Attorney General Chris Carr has announced that the state of Georgia has joined a coalition of officials from 20 states in supporting the Trump administration’s Affordable Clean Energy rule as it faces a challenge in court. The coalition, in a motion filed Thursday, seeks to intervene in defense of the rule’s repeal of the so-called Clean Power Plan, an Obama-era regulation.
“The Clean Power Plan was a far-reaching attempt by the prior administration to regulate what it could not legislate,” Carr said. “We oppose regulatory overreaches like the Clean Power Plan, which would have killed jobs and raised electricity prices, and we appreciate President Trump’s commitment to repeal it and replace it with the Affordable Clean Energy rule, which will restore the state’s proper authority to regulate energy.”
Georgia joined the attorneys general of Alabama, Alaska, Arkansas, Indiana, Kansas, Louisiana, Missouri, Montana, Nebraska, Ohio, Oklahoma, South Carolina, South Dakota, Texas, Utah, West Virginia and Wyoming, along with the governors of Kentucky and Mississippi, and the Mississippi Public Service Commission, in supporting the rule.
The Rome News Tribune covers the off-season work of local legislators.
Three of Floyd County’s four state lawmakers spent several days this summer as guests at an education seminar hosted by the Medical Association of Georgia.
Sen. Chuck Hufstetler, R-Rome; Rep. Katie Dempsey, R-Rome and Rep. Eddie Lumsden, R-Armuchee, also attended the National Conference of State Legislatures’ legislative summit in Nashville, Tennessee.
Dempsey was a presenter at the NCSL summit, which ran Aug. 4 through 8. She joined panelists from Virginia, Utah and Kansas to discuss “The Lawmaker’s Role in Tackling the Data Conundrum” on Aug. 6.
Glynn County Commissioners will discuss a proposed 2020 Special Purpose Local Option Sales Tax for Transportation (T-SPLOST) proposal, according to The Brunswick News.
All seven commissioners have expressed their desire to impose another 1 percent sales tax once SPLOST 2016 collection ends on or before September 2020. At a meeting earlier this month, the commission indicated that it wants to put the questions on the May 2020 primary election ballot.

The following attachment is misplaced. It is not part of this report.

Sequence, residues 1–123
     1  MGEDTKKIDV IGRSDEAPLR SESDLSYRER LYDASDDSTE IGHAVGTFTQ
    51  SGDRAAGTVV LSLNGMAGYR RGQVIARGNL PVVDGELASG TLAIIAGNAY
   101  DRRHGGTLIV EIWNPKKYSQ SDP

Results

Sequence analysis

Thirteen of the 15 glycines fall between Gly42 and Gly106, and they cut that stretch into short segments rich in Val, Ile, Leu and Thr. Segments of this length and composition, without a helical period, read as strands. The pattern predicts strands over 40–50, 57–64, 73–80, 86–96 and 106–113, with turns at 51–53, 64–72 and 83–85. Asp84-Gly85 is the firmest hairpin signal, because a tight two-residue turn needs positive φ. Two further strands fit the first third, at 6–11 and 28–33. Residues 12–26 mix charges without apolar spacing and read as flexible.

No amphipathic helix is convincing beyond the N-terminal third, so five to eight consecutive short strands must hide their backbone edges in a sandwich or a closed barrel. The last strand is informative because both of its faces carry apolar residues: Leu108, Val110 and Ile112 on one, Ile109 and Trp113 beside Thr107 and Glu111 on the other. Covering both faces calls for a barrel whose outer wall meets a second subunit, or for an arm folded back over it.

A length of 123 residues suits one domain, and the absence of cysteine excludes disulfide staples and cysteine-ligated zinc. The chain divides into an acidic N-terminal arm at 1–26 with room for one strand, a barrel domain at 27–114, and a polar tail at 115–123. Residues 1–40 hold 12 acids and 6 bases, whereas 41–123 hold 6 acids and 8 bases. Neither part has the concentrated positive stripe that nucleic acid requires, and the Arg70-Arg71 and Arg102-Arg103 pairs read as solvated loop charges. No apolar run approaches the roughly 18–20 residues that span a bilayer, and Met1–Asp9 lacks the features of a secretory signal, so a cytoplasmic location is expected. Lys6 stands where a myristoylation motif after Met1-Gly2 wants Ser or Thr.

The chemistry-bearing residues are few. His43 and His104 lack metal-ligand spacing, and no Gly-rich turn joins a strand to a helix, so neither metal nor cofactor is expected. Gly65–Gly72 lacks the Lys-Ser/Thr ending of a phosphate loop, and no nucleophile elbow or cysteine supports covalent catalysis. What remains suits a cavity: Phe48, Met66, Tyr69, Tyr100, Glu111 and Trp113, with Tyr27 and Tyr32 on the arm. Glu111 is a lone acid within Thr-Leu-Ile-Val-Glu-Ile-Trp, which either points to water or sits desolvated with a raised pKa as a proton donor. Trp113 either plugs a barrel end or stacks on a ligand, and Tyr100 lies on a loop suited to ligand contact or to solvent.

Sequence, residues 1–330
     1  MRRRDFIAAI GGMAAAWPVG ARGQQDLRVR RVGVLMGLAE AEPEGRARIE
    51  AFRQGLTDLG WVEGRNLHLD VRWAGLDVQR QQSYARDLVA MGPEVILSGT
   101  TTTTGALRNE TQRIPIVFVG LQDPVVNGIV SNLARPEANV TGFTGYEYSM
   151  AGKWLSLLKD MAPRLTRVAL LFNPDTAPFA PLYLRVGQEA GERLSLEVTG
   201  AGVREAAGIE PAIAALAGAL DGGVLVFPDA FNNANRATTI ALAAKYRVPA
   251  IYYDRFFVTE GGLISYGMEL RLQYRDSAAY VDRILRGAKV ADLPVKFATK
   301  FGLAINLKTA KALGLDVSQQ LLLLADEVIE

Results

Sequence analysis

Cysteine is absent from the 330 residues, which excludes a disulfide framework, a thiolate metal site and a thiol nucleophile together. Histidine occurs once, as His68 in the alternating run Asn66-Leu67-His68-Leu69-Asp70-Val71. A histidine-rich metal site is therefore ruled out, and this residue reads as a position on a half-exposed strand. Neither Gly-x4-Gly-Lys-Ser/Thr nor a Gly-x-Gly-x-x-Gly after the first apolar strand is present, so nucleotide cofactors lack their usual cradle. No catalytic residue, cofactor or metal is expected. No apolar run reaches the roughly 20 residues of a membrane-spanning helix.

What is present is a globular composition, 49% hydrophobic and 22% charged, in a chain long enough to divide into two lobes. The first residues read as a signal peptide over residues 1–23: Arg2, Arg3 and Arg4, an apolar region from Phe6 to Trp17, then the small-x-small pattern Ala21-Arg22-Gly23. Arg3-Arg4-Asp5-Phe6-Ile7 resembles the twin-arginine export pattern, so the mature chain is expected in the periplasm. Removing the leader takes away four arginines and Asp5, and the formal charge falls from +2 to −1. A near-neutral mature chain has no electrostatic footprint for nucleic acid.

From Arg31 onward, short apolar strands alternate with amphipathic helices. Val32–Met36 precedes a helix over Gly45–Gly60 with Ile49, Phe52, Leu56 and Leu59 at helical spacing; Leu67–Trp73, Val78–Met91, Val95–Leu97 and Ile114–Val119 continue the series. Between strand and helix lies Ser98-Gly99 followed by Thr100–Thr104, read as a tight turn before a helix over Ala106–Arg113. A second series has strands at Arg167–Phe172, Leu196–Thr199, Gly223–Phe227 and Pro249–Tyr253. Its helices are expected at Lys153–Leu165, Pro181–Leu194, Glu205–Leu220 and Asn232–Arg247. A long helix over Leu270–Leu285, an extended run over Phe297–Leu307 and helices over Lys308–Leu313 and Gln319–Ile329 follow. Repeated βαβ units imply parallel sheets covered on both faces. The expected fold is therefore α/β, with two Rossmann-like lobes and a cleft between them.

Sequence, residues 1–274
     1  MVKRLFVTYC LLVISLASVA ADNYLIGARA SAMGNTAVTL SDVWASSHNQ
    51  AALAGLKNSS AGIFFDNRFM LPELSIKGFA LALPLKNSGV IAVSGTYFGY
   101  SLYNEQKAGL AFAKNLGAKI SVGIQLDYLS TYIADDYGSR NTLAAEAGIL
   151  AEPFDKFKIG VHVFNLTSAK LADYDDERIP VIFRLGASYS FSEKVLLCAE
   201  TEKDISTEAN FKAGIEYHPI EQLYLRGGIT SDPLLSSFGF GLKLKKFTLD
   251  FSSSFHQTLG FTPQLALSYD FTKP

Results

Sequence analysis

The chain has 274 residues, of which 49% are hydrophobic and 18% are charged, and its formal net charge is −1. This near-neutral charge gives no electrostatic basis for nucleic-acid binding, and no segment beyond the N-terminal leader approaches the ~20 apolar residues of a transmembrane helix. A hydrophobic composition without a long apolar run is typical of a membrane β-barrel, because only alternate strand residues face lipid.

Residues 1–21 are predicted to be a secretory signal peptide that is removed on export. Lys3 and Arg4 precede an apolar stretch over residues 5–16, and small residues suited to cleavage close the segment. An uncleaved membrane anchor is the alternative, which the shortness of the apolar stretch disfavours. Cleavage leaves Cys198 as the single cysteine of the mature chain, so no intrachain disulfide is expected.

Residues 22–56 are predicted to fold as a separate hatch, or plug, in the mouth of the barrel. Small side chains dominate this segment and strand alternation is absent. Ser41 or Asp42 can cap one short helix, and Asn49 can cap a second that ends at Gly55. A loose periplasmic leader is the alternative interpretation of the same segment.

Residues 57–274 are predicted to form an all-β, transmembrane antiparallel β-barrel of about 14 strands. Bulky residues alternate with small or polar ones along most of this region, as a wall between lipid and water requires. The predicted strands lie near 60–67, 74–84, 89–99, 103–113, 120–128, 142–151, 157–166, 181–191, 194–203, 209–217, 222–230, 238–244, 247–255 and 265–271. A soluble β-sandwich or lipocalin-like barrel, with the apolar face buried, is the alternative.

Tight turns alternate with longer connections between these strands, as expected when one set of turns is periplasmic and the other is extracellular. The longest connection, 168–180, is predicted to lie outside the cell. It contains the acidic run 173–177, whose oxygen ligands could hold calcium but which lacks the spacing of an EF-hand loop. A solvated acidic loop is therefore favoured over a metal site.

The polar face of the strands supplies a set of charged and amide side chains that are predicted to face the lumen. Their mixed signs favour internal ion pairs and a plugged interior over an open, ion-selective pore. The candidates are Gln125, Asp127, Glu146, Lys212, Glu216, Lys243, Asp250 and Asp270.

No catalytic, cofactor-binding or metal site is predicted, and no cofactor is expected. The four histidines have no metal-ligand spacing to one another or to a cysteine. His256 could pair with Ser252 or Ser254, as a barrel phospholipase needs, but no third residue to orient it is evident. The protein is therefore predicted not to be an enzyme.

Collection of SPLOST 2016 began on April 1, 2017, to pay for infrastructure projects, equipment purchases and two brick-and-mortar projects — a new animal control shelter at the county’s public safety complex and a veterans memorial park between I and J streets.
At a past meeting, most county commissioners said they would like to see the list remain mostly dedicated to road, bridge, sidewalk and drainage projects. A special committee is in the process of determining the best way to address a space shortage in the Glynn County Courthouse, an issue that may result in a “vertical” SPLOST project on the 2020 ballot.
Murray County voters will vote on a T-SPLOST this November, according to the Dalton Daily Citizen.
Sole Commissioner Greg Hogan says the county needs to repave about 50 miles of roads each year just to keep them maintained and probably more like 60 to catch up on a backlog of work.
“We currently only pave about 10 miles of roads a year,” Hogan said.
That’s why he has placed a five-year Transportation Special Purpose Local Option Sales Tax (TSPLOST) on the Nov. 5 ballot. The TSPLOST is a 1% tax on most goods sold in the county.
If approved by voters, the tax would begin April 1, 2020. Hogan says that over its five-year life, he expected the tax will bring in about $23.5 million.
“It can only be used for acquiring rights of way, moving utilities, bridges, culverts, patching, milling and widening roads, shoulder preparation,” he said. “You can’t use this for anything other than roads or sidewalks, things like that. You can use it for bike paths. But I’m not interested in that. Right now, I just want to get our roads into good shape.”
Would-be candidate for Mayor of Dallas Narda Konchel plans to appeal her removal from the ballot, according to the Rome News Tribune.
A former Dallas mayoral candidate says she plans to appeal the county election board’s action earlier this week to throw her off the Nov. 5 ballot after upholding a challenge to her city residency.
Narda Konchel posted on her campaign’s Facebook page today that she planned to petition through Superior Court to appeal the board’s unanimous decision Wednesday to disqualify her as a candidate for Dallas mayor against incumbent Mayor Boyd Austin.
Austin, who is seeking re-election to a seventh term, challenged Konchel’s candidacy by saying she had not satisfied the city charter’s requirements for living in the city and being a registered voter for one year before her qualifying date of Aug. 19, 2019.
The Paulding County Board of Elections and Registration voted to uphold Austin’s challenge and disqualified Konchel.